Telling him what to do/bossing him

Taking control of the marriage/family and not allowing him to fulfill his God-given leadership position

Making fun of him, putting him down, criticizing him, belittling him especially to others

Body language that communicates contempt/hatred/judgment

Implying that you respect another man more than you respect him

Implying he is not a good father

Undermining his authority as a father


Here are some things that feel disrespectful to many husbands – thanks to the husbands who contributed to this list:

Asking him to do something, then doing it myself before he has a chance

Body language – especially frowning while you talk

Lack of attention/appreciation

Too much help



Not really listening

Asking “Why…?” when paired with “Why would you do it like that?” and rolling the eyes.. or “Why would you go that way when it’s easier to go this way?”

Asking a question starting with WHY is automatically saying, “What you did is wrong and it should be done like this! How can you not see that?”

Always putting herself first and having the family fit into her plans/schedule

Second guessing/lack of confidence

Being too busy to spend time with him – too into your tv show to listen to him


Speaking negatively of him to others or in front of others


Body language – arms crossed, a look of condemnation

Answering for him

Telling him what to do

Undermining his authority as a father – telling the children they don’t have to do what he asked them to do

Disagreeing with his parenting in front of the children

Insinuating – even slightly – that he doesn’t make enough money to satisfy you

Not accepting his answer – continuing to question him

Putting him down to other people

Being irrationally afraid, as if I can’t protect her from a spider in the next room. A lion? I understand, but I have a gun for that :-)

Being critical of my driving (actual safe driving with mounds of proof) 

Automatically assuming we were going to call someone for a repair. Let me decide and let me handle it.

Asking me if I remembered to pack something.

Telling me to go speak to someone or tell someone goodbye at a social function.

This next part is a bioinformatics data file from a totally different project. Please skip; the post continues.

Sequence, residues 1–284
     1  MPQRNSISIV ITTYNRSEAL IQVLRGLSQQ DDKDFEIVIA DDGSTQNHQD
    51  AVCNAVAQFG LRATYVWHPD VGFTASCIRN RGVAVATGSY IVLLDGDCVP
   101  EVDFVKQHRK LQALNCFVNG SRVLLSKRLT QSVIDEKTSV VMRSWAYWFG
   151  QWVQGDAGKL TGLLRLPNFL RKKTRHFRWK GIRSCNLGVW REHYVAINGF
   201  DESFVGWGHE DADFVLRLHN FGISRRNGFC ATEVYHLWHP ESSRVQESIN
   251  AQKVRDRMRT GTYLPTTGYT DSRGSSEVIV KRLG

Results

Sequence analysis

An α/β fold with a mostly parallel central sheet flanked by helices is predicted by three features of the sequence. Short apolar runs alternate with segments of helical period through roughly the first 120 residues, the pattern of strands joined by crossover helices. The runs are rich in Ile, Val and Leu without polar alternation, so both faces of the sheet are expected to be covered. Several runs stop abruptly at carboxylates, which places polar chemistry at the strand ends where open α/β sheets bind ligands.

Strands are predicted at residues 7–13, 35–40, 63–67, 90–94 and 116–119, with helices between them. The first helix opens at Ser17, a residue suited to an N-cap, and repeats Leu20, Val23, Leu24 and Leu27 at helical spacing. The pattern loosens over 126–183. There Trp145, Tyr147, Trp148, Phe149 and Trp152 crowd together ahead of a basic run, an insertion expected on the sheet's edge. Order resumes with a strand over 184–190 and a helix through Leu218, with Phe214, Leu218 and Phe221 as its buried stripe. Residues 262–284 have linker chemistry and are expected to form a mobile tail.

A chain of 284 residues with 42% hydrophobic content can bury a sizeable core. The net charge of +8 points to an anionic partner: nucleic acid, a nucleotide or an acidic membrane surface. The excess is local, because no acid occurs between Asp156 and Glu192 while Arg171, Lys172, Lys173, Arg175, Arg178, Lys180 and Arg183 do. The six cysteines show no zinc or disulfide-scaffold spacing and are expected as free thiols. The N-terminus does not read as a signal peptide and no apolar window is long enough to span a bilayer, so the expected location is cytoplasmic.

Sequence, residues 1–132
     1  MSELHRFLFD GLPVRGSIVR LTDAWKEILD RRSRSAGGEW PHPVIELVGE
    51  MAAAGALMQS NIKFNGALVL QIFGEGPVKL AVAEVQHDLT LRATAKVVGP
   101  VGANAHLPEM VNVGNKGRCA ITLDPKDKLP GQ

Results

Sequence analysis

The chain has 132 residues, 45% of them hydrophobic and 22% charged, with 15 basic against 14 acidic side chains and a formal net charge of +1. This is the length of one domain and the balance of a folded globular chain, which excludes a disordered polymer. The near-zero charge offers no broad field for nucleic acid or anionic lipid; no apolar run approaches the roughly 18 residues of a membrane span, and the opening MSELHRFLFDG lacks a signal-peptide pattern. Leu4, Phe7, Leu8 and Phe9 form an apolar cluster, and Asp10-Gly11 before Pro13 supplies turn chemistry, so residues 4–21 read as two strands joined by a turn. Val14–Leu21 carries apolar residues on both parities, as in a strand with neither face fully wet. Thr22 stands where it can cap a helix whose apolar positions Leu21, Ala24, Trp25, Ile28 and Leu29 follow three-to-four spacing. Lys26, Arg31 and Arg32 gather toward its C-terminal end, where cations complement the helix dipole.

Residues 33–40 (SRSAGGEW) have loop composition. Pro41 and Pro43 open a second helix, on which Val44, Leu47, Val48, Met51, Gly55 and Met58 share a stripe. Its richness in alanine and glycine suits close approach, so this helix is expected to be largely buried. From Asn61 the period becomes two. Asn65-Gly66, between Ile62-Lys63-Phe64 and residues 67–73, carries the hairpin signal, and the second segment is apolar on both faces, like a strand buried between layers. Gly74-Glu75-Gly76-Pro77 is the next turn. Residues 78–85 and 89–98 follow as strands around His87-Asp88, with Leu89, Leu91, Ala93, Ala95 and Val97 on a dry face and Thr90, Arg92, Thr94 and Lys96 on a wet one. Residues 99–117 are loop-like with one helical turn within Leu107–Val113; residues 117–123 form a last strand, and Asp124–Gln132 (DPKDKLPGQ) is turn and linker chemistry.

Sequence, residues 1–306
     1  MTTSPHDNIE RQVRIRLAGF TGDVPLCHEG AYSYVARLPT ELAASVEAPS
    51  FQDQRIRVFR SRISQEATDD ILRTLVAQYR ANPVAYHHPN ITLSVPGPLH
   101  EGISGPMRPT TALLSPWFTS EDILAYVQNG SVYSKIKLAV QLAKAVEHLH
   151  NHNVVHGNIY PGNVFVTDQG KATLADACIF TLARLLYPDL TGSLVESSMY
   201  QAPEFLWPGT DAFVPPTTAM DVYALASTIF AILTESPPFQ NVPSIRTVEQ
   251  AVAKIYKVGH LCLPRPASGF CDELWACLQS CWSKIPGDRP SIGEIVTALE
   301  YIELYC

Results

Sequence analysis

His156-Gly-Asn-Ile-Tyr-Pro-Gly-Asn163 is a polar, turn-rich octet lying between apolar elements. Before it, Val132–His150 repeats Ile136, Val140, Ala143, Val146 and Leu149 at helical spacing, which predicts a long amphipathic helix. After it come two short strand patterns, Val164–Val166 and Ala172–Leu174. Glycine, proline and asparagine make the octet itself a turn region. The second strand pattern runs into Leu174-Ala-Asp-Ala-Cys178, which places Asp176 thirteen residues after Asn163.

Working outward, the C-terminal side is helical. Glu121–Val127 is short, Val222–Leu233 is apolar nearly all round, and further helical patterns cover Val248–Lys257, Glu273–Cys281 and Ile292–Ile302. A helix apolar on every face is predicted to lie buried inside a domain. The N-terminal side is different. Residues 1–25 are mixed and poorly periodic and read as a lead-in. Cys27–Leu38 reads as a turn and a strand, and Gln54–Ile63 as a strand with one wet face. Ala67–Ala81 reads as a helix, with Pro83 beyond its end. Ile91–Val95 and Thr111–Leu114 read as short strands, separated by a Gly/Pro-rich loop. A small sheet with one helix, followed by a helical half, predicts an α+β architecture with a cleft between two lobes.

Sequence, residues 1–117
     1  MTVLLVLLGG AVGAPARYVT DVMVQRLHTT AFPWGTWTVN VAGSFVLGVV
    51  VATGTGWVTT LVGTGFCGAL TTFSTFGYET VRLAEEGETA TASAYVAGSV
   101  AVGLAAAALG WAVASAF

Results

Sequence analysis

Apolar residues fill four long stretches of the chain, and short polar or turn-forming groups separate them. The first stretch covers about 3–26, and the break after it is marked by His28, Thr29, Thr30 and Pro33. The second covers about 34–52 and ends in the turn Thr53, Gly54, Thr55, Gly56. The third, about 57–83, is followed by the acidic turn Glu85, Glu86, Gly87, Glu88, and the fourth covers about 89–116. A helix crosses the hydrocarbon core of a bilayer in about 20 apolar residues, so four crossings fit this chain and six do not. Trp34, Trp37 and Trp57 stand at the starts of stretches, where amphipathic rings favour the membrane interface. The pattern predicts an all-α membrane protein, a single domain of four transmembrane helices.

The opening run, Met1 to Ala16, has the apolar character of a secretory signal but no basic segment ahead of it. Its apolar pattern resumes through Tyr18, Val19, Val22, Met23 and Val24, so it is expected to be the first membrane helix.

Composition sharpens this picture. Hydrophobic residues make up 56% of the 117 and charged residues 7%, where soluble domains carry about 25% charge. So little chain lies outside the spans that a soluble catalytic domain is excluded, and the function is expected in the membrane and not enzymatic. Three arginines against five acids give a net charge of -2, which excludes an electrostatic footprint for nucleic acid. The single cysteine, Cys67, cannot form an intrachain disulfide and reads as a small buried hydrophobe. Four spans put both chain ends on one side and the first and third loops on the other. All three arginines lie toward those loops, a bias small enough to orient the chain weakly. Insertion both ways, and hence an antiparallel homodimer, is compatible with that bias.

Asking “Are you sure? ” after I have already given a confident “yes” to “Do you know what you are doing?”  (Peacefulwife here – Probably best not to say, “Do you know what you are doing?” ladies!)

In short, only question me once, especially if its something you know no nothing about.

Withholding sex from him out of spite or manipulation

Cussing/yelling/name calling

Arguing with me when I make a family decision

Remaining silent in front of  the children rather than supporting me when a discipline decision is made

Lack of acknowledgement of hard work/providing for the family

Failure to say “You’re a good dad.”

Failure to say thank you in general

Failure to support a decision I’ve made in my absence

Speaking poorly about me, even in a “joking” way to others

Correcting me when I am telling stories

Making light of or “poo-pooing” something that I think is important

“The look.”  It may vary from woman to woman, but you all have one.  Used whenever you disapprove of whatever just happened, whatever was just said, or whatever idea the husband just floated.  May be followed by verbal elaboration of the disapproval, but 100% effective without the elaboration.  The longer the marriage, the less need for any verbal elaboration.  It’s funny to talk about for everyone but the husband who receives it.  Believe it or not, it’s soul-crushing — at least when it’s a frequent occurrence.